MM Private Equity (IMM PE) has restarted a move to sell South Korea’s Hollys F&B, which operates the coffee brand Hollys Coffee.
Goldman Sachs, acting as a financial adviser to IMM PE, has begun receiving non-binding offers for the coffee chain from potential buyers with the expected deadline at the end of this month, sources familiar with the situation said on May 15.
After opening its first store in the Gangnam district in 1998, the country’s first coffee chain has grown to more than 500 stores nationwide of which about 20 percent are operated directly by the company.
Besides its efforts to boost sales by customizing stores for different consumer behaviors in various commercial areas, Hollys F&B has released several products, such as planners and camping equipment for its customers. This is a practice which has become a popular marketing strategy among coffee chains in Korea.
As a result, Hollys F&B’s financial results for 2019 reveal growth and cash generation. Revenue rose by 6.5 percent year-on-year to 164.9 billion won ($133.9 million), while earnings before interest, tax, depreciation and amortization (EBITDA) increased 1.8 times year-on-year to 47.3 billion won. IMM PE’s renewed attempt to sell the company appears to be based on this improved financial performance, industry watchers said.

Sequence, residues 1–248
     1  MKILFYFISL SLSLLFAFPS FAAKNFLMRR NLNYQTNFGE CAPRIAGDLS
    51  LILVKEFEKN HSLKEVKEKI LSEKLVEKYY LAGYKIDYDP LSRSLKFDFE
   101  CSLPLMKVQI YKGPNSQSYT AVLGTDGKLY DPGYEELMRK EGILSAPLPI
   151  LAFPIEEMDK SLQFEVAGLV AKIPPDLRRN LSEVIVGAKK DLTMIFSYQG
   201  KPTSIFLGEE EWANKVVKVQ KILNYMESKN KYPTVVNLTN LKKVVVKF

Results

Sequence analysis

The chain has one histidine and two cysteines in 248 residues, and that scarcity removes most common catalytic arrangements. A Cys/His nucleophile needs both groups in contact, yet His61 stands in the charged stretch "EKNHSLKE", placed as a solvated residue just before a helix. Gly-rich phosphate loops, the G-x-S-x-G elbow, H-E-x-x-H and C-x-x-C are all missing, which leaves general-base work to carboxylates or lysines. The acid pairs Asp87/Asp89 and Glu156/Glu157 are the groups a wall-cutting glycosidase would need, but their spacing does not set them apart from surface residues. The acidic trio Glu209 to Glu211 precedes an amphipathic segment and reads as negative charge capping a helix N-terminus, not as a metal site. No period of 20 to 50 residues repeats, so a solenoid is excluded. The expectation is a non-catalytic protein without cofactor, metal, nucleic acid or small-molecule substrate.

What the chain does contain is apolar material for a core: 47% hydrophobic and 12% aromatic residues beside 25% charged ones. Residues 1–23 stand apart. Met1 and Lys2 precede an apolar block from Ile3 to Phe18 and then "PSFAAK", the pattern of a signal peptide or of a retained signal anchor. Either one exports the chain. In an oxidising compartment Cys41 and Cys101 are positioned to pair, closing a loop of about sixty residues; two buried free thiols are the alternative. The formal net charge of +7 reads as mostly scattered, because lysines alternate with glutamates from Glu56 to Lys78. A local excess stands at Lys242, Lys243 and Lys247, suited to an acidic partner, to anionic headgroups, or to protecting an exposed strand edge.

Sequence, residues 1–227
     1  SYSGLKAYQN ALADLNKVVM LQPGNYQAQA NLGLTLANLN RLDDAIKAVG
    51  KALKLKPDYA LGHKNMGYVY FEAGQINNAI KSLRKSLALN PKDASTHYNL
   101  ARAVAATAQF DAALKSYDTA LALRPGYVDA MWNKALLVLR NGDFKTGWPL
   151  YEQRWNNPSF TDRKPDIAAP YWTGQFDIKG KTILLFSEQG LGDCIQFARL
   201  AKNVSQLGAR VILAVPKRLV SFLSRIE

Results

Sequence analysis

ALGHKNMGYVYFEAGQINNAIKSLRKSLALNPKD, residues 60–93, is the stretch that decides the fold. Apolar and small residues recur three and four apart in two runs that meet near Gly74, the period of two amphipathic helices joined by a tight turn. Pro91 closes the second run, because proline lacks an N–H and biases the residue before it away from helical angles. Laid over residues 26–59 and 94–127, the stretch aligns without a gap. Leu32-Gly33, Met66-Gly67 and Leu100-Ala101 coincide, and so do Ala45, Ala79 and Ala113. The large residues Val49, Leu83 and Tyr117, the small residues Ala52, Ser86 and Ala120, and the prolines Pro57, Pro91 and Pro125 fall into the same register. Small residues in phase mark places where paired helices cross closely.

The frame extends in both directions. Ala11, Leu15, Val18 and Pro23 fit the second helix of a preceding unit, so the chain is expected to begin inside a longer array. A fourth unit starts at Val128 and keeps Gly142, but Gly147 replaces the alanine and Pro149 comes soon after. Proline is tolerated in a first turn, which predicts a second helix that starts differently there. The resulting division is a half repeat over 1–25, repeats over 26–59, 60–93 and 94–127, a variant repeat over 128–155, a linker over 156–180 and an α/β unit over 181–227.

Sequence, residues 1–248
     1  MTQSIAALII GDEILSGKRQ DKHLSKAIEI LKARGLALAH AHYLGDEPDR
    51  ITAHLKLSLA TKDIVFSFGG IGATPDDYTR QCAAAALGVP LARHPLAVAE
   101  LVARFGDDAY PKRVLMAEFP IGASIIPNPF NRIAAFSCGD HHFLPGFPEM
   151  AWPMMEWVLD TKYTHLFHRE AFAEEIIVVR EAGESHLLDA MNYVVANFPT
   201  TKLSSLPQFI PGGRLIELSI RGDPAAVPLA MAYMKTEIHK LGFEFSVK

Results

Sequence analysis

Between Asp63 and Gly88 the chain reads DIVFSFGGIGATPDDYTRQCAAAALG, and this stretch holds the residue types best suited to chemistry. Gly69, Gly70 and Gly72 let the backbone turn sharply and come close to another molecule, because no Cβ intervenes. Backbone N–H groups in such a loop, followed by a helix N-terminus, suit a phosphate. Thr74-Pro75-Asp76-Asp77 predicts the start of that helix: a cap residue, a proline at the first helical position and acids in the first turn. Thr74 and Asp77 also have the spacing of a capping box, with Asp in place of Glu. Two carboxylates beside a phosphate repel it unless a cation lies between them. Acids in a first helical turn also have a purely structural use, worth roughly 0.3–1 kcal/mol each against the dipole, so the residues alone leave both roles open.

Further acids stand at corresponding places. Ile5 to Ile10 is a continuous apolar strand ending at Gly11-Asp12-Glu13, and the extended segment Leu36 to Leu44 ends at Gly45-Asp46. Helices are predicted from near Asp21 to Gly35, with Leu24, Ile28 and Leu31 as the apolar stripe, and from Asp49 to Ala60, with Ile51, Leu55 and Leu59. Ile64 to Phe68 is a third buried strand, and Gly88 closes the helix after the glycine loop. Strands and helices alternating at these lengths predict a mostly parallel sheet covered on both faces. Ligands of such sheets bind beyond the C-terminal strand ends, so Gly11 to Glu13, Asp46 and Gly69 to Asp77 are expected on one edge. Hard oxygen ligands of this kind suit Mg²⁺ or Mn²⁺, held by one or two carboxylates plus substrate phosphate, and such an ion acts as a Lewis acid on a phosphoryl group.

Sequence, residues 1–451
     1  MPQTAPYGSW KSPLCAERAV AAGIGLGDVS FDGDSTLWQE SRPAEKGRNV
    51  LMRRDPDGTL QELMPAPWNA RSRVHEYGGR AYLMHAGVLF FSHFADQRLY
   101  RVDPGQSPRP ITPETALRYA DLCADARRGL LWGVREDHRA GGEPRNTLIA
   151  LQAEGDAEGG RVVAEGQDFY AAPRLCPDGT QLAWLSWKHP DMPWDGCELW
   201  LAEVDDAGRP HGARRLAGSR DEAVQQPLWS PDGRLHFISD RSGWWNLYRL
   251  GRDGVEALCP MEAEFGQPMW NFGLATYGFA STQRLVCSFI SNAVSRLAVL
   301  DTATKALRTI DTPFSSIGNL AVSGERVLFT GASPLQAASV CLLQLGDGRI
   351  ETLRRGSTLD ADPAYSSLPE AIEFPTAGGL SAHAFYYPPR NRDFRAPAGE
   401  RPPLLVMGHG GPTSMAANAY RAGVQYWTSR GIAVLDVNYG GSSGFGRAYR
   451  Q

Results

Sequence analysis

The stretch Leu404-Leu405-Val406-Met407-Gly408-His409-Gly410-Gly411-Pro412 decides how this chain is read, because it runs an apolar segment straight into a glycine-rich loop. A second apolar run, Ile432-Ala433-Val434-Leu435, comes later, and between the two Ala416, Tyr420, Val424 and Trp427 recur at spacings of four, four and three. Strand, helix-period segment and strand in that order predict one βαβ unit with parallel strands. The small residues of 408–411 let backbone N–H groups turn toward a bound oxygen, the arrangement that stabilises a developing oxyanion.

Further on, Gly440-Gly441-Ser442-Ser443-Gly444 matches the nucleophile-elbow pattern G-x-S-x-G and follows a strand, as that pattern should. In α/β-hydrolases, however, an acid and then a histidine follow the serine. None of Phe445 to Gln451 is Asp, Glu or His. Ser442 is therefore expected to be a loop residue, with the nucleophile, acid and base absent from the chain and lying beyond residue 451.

After acquiring Hollys F&B in 2013, IMM PE made partial exits through recapitalizations which led to distributions worth all of the capital invested in the coffee chain going to its investors. So to generate a higher internal rate of return the firm will likely put its focus on selling the company at the highest possible price.
While IMM PE has continued to negotiate with potential buyers it didn’t come close to agreeing on the company, industry watchers said.
The latest deals in the country’s food and beverage (F&B) sector include Unison Capital’s sale of Gong Cha Korea for 350 billion won, which was equivalent to a multiple of 10.9 times the bubble tea chain’s 2019 EBITDA. If this valuation multiple is applied to Hollys F&B, the expected price for the company would be 473 billion won.
But unlike Gong Cha with its footprints not only in Korea but also Taiwan and Japan, Hollys F&B generates most of its revenue from the domestic market. Concerns about the economic fallout from the COVID-19 pandemic are also partly overshadowing the company’s improved financial results. So a fair multiple to pay for Hollys F&B is estimated somewhere between 5 and 6 times, some market watchers said.
“After the Gong Cha deal, sellers in the M&A market are putting a higher valuation on F&B companies,” an industry insider said. “Reaching an agreement on [Hollys F&B’s] valuation between the seller and prospective buyers would be the key to a successful sale of the company.”
(Reporting by Ar-rum Rho and Ik-hwan Choi)